According to the proposed rules and agency officials, the proposed transfer, if finalized, would result in a decline in licenses and revenues for State and an increase in licenses for Commerce, but the precise extent of these changes is unknown. State estimates that the transfer would result in a decline in revenue from registration fees but officials stated it is difficult to predict the extent of this decline. Commerce officials stated that they expected their licensing and enforcement workload to increase as a result of the transfer, if finalized, but they believe they have sufficient staff resources available to absorb the increase.
Why GAO Did This Study
The U.S. government implements an export control system to manage risks associated with exporting sensitive items while facilitating legitimate trade. State currently controls the export of most firearms, artillery, and ammunition. Regulatory changes proposed by State and Commerce would transfer this responsibility for many of these items to Commerce, which implements export controls under different legal and regulatory authorities. The proposed changes are part of a larger export control reform effort since 2010 to transfer control of less sensitive items from State to Commerce.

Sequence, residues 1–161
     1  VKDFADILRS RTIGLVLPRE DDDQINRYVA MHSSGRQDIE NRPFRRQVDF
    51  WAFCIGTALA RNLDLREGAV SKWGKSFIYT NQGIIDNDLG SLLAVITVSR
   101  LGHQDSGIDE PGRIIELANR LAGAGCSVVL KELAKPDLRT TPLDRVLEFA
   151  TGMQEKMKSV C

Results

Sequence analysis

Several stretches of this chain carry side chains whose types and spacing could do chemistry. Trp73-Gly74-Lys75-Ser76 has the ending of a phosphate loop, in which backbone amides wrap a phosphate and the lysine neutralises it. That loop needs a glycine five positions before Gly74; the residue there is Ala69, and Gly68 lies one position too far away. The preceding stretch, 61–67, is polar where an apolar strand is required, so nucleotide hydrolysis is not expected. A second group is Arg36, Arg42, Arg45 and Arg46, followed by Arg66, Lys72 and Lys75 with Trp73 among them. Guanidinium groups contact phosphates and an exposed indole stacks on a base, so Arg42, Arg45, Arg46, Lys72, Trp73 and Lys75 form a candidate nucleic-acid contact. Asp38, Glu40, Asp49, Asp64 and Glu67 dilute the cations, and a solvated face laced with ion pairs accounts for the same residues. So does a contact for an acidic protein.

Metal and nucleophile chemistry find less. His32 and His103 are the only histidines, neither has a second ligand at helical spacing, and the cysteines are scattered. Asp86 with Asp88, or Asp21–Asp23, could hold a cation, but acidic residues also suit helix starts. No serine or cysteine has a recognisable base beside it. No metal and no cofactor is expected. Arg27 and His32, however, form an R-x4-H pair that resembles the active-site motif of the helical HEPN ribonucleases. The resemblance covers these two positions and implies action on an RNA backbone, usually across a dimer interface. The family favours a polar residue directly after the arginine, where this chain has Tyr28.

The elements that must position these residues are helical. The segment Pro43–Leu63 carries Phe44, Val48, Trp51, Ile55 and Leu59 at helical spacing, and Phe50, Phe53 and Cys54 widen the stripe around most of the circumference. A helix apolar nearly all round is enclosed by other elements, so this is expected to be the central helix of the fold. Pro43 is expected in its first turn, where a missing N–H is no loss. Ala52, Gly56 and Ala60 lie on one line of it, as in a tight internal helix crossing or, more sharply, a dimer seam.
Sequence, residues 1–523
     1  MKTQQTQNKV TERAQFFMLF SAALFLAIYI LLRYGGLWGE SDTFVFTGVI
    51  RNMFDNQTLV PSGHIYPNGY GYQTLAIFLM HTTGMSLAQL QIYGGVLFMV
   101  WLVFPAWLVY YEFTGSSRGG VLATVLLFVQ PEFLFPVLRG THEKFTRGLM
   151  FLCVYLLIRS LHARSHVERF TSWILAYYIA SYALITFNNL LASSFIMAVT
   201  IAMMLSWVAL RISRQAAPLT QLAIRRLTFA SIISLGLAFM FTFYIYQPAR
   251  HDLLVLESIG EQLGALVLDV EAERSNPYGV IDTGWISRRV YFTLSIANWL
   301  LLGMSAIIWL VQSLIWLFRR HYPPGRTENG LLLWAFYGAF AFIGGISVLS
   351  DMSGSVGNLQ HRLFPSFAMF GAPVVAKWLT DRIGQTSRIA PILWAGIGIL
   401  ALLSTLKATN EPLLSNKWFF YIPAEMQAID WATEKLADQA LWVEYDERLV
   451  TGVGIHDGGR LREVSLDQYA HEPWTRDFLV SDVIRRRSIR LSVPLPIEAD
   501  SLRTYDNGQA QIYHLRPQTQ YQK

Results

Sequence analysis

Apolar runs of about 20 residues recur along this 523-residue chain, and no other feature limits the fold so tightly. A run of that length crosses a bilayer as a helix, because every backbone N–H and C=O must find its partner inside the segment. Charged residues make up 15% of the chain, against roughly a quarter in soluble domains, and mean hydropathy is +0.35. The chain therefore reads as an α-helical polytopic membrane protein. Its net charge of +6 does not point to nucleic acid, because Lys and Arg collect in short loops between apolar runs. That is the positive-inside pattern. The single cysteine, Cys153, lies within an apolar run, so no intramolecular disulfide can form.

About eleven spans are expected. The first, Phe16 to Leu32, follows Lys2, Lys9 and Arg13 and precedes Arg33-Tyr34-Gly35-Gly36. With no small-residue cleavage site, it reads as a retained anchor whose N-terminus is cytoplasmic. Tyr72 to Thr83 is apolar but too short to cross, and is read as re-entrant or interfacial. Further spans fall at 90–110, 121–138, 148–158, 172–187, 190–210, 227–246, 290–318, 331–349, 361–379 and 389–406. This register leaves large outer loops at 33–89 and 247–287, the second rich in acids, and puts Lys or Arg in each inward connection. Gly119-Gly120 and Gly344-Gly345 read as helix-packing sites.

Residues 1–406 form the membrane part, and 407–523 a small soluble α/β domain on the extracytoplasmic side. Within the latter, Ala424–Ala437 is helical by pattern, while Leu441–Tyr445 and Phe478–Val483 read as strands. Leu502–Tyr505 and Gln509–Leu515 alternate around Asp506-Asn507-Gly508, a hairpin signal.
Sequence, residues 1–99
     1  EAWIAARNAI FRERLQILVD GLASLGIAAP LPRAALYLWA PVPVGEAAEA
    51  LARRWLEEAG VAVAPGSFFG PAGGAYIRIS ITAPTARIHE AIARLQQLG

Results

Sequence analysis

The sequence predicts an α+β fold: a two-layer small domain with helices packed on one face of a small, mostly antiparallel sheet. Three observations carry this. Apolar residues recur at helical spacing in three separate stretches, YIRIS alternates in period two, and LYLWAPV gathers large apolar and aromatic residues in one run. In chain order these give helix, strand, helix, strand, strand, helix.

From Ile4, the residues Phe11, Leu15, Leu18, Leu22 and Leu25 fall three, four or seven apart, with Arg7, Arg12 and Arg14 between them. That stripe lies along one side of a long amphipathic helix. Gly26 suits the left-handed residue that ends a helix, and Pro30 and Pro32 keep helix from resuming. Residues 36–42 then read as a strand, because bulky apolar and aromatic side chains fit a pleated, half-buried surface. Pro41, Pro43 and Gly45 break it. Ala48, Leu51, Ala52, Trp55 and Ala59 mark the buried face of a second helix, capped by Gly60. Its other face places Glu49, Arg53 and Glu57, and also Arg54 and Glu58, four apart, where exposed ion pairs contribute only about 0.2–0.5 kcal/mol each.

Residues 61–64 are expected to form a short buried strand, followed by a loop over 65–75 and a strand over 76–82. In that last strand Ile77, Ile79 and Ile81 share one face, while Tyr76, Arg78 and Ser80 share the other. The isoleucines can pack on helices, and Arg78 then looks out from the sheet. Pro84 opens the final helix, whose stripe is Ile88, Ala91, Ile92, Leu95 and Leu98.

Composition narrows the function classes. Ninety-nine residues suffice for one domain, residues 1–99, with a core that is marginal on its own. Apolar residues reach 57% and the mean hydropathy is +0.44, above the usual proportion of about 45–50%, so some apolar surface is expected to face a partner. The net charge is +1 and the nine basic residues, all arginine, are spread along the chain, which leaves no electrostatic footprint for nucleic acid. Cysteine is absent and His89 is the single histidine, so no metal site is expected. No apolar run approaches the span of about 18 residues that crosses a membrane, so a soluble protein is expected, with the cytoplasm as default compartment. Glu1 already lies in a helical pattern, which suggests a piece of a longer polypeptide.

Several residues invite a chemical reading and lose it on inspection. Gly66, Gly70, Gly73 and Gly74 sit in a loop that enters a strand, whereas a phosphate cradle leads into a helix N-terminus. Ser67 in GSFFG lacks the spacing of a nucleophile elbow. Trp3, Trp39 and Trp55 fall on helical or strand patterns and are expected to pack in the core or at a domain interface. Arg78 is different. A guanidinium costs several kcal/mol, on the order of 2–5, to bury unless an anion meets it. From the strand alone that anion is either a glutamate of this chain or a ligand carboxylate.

GAO was asked to review the proposed changes to export controls of firearms, artillery, and ammunition. This report assesses (1) the volume and value of commercial export license applications State reviewed for these items in fiscal years 2013-2017, (2) how certain export controls differ between State and Commerce, and (3) what is known about the resource implications for State and Commerce due to the proposed transfer. GAO reviewed the proposed rules and related laws and regulations; analyzed data and documents related to licensing, end-use monitoring, and staff resources; and interviewed agency officials.
GAO recommends that if the proposed regulatory changes become final, State and Commerce develop a process for sharing State's internal watch list with Commerce to enhance oversight of firearms, artillery, and ammunition exports. State and Commerce agreed with GAO's recommendations.
Recommendations for Executive Action
|Department of State||1. If responsibility for controlling the exports of certain firearms, artillery, and ammunition is transferred from State to Commerce, the Secretary of State should ensure that the Under Secretary of State for Arms Control and International Security Affairs develops a process for sharing State's internal watch list with Commerce to enhance oversight of these items. (Recommendation 1)|
|Department of Commerce||2. If responsibility for controlling the exports of certain firearms, artillery, and ammunition is transferred from State to Commerce, the Secretary of Commerce should ensure that the Under Secretary of Commerce for Industry and Security develops a process for receiving State's internal watch list and integrating it into Commerce's licensing review process to enhance oversight of these items. (Recommendation 2)|